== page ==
The best 4K budget gaming TVs in 2021

5 best 4K budget gaming TVs – great for PS5, Xbox Series X/S, or as a substitute for a PC monitor

As we know, gaming can be very expensive, especially on PC. However, even though consoles like Xbox Series X and PlayStation 5 are relatively affordable, you still need a 4K TV capable of getting the best out of them. A couple of years ago, buying a budget 4K TV for gaming was practically impossible, as they lacked even the basic features, like a decent HDR. Luckily, in 2021 things are looking much better, so for around $1000, you will get Ultra HD TV with almost all bells and whistles available on the high-end model. Moreover, as I’ll show you today, even for $500, you’ll secure a display that will let you enjoy the latest gaming systems. If you want the biggest possible TV or a substitute for your gaming monitor, I also have solutions that won’t burn a hole in your pocket. 

What the best budget 4K TV in 2021 needs to have?

“Compromise” is the keyword when we’re talking about budget gaming TVs. However, all models included on my list need to fulfill specific criteria to qualify. This includes:

Picture quality: Budget-friendly OLED screens are here, but LED TVs still dominate. They all need to have above-average picture quality, which includes color reproduction, contrast, and brightness.

Input lag: Low input lag is no longer a privilege of the high-end models. In fact, some of the included budget TVs are among the fastest overall, while others are still great even for the multiplayer crowd.

HDR:  Every 4KTV includes HDR, even though not all games support it. However, not every HDR is the same, as a lot of TVs are offering disappointing performance. Nonetheless, that’s not the case with my budget gaming TV choices here. Again, while there’s a difference between them, they perform this task at least above-average.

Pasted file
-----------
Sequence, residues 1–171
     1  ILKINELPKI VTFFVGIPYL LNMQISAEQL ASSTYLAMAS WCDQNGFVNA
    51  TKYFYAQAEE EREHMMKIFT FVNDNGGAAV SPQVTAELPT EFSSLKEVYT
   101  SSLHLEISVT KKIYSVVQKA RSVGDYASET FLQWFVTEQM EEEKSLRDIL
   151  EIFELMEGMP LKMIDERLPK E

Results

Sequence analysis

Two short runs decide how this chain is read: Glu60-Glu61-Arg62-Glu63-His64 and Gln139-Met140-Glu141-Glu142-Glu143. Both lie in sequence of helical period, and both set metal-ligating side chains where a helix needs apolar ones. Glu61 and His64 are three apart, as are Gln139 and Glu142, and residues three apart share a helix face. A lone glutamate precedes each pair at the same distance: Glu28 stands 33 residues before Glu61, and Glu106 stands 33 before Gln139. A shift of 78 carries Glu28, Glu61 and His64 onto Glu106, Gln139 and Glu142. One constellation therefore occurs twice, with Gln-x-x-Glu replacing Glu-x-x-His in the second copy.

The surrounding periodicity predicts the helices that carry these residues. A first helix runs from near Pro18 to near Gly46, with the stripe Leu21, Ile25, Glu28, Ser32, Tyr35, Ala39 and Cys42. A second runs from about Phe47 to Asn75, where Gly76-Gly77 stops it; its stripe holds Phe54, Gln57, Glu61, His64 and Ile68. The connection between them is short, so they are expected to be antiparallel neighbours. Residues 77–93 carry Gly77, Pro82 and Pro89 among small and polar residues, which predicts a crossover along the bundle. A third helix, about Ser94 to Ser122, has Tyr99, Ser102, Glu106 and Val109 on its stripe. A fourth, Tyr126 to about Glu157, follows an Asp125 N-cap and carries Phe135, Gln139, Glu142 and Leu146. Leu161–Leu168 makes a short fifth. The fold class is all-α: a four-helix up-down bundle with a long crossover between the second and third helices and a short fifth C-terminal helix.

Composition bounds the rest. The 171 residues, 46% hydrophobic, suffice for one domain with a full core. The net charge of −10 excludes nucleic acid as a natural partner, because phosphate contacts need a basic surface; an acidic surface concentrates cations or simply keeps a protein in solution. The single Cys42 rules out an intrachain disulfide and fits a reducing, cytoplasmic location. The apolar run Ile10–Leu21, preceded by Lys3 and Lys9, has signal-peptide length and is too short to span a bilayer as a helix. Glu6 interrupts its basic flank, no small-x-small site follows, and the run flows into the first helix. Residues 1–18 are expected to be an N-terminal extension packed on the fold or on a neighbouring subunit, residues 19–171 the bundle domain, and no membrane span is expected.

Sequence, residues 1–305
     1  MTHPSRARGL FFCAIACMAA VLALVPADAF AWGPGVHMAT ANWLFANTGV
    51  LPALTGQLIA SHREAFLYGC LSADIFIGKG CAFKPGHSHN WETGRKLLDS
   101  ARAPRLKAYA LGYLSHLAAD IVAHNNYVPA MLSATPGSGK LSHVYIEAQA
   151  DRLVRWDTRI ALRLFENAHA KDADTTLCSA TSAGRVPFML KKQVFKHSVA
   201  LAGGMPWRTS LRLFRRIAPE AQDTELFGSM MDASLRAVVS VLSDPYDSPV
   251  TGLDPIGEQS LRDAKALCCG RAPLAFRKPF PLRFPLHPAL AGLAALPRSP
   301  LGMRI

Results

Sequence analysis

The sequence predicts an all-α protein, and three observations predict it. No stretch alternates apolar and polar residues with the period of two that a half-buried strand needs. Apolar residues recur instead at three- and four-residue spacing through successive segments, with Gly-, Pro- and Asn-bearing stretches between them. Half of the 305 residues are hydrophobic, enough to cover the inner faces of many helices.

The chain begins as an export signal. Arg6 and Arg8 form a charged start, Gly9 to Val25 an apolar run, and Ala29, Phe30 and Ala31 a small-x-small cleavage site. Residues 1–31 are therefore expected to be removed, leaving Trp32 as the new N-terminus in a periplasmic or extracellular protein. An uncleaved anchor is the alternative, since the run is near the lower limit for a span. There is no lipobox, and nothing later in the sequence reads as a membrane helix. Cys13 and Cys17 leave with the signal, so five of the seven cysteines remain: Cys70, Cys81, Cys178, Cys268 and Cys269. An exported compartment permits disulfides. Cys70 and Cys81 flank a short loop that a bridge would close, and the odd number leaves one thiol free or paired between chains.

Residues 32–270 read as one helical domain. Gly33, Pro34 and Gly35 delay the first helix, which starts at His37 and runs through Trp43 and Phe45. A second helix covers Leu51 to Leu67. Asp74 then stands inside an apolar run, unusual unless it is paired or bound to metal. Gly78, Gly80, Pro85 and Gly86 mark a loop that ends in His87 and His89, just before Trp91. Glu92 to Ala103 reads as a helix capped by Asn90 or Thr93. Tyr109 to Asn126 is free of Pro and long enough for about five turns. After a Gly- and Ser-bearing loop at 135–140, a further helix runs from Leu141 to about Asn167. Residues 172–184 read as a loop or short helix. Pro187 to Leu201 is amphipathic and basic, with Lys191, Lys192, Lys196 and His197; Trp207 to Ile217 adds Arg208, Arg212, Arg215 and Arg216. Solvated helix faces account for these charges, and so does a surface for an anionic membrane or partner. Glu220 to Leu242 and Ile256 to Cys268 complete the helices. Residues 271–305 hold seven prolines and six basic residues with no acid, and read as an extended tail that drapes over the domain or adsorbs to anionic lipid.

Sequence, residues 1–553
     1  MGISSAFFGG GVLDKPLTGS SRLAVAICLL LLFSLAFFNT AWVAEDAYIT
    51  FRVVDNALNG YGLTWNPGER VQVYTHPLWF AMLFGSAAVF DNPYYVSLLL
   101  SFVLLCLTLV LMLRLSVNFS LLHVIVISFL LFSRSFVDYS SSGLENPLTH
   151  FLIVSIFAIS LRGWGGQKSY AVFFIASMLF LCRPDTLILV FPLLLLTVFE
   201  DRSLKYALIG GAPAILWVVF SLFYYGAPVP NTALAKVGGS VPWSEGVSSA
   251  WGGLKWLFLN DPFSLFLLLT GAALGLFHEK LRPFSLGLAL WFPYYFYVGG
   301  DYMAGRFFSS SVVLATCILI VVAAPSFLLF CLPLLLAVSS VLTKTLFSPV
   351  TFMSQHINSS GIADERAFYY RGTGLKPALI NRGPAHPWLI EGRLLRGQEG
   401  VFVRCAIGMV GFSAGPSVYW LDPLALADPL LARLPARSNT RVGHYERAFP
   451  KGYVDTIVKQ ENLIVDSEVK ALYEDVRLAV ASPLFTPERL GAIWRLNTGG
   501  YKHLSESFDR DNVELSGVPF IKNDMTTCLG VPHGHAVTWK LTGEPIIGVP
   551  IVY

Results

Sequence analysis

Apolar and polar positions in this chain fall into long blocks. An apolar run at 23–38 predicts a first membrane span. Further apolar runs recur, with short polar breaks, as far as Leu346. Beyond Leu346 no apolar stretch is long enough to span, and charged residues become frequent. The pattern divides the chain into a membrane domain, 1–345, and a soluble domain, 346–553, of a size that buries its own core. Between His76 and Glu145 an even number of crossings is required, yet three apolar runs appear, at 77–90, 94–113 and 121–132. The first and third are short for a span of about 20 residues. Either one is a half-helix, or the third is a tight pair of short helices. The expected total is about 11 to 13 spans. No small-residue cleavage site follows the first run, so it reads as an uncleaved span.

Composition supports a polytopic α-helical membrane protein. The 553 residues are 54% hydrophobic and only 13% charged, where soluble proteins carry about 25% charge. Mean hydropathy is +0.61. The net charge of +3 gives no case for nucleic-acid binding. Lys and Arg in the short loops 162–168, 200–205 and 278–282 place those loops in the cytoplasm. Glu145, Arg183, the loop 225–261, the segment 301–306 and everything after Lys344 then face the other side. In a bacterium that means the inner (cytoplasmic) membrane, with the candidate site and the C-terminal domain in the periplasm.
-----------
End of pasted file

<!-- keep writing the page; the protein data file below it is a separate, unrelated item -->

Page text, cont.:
As I’ve mentioned, lots of these budget gaming TVs have many advanced features for high-end gaming. This includes HDMI 2.1, 120Hz support, VRR, Dolby Vision, or HDR 10+. Of course, most of them are reserved for the models with a price close to $1000. Make sure to check this article often, as I’ll update it regularly. But for now, these are the most attractive budget TVs you can buy!

Also, check our list of the best TVs in 2021.

Sony X900H
Sony X900H 55″

Sony X900H review

 The best overall and terrific choice for console gaming
Sony X900H specifications:
  • 55″
  • Resolution: [email protected]
  • VRR: Yes (firmware update)
  • Input lag: 15.4 ms
  • HDMI: 4 x HDMI 2.1 (firmware update)
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  • Four HDMI 2.1 (after firmware update)

  • VRR support (after firmware update)

  • Dolby Vision support

  • HDR performance

  • Great for console gaming

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  • Lack of G-Sync and FreeSync compatibility

  • You have to wait for firmware updates

I already listed X900H in my Best Gaming TV Guide for 2021, naming it the best midrange gaming TV. However, I was talking about the 65-inch version, which is well above our $1000 limit. As you can guess, this 55-inch variant is more affordable and below a grand. This model is also available in two giant sizes, at 75 and 85-inches. Of course, these are far above our budget limit here but are still very affordable for these dimensions.

The X900H shines thanks to its four HDMI 2.1 inputs, which is more than enough to hook both current-gen consoles. The rest of the inputs won’t surprise you, as they include two USBs, digital and analog audio, tuner, ethernet, and IR. There’s also a composite for your older devices, but you need to buy an adapter separately.

HDMI 2.1, and only HDMI 2.1

There was plenty of drama involving Sony X900H, but luckily, we got a happy ending. What Sony did was to rush this TV, as it wanted it to be widely available for the PlayStation 5 launch. This meant that X900H didn’t even have HDMI 2.1 and 120Hz refresh rate before the update! The device currently lacks VRR and ALLM, but it will come via new firmware in 2021. Advertised as a definitive choice for PlayStation 5, X900H does have a lot to offer for console gamers in general. While it’s not the fastest TV I included here, 15.4 ms input lag won’t give you problems. In 4K/120Hz mode, that number goes down to 7 ms, so let’s hope that more games will support it. If you enjoy playing with your friends or family while sharing the same TV, make sure you sit close to a central position since viewing angles are limited.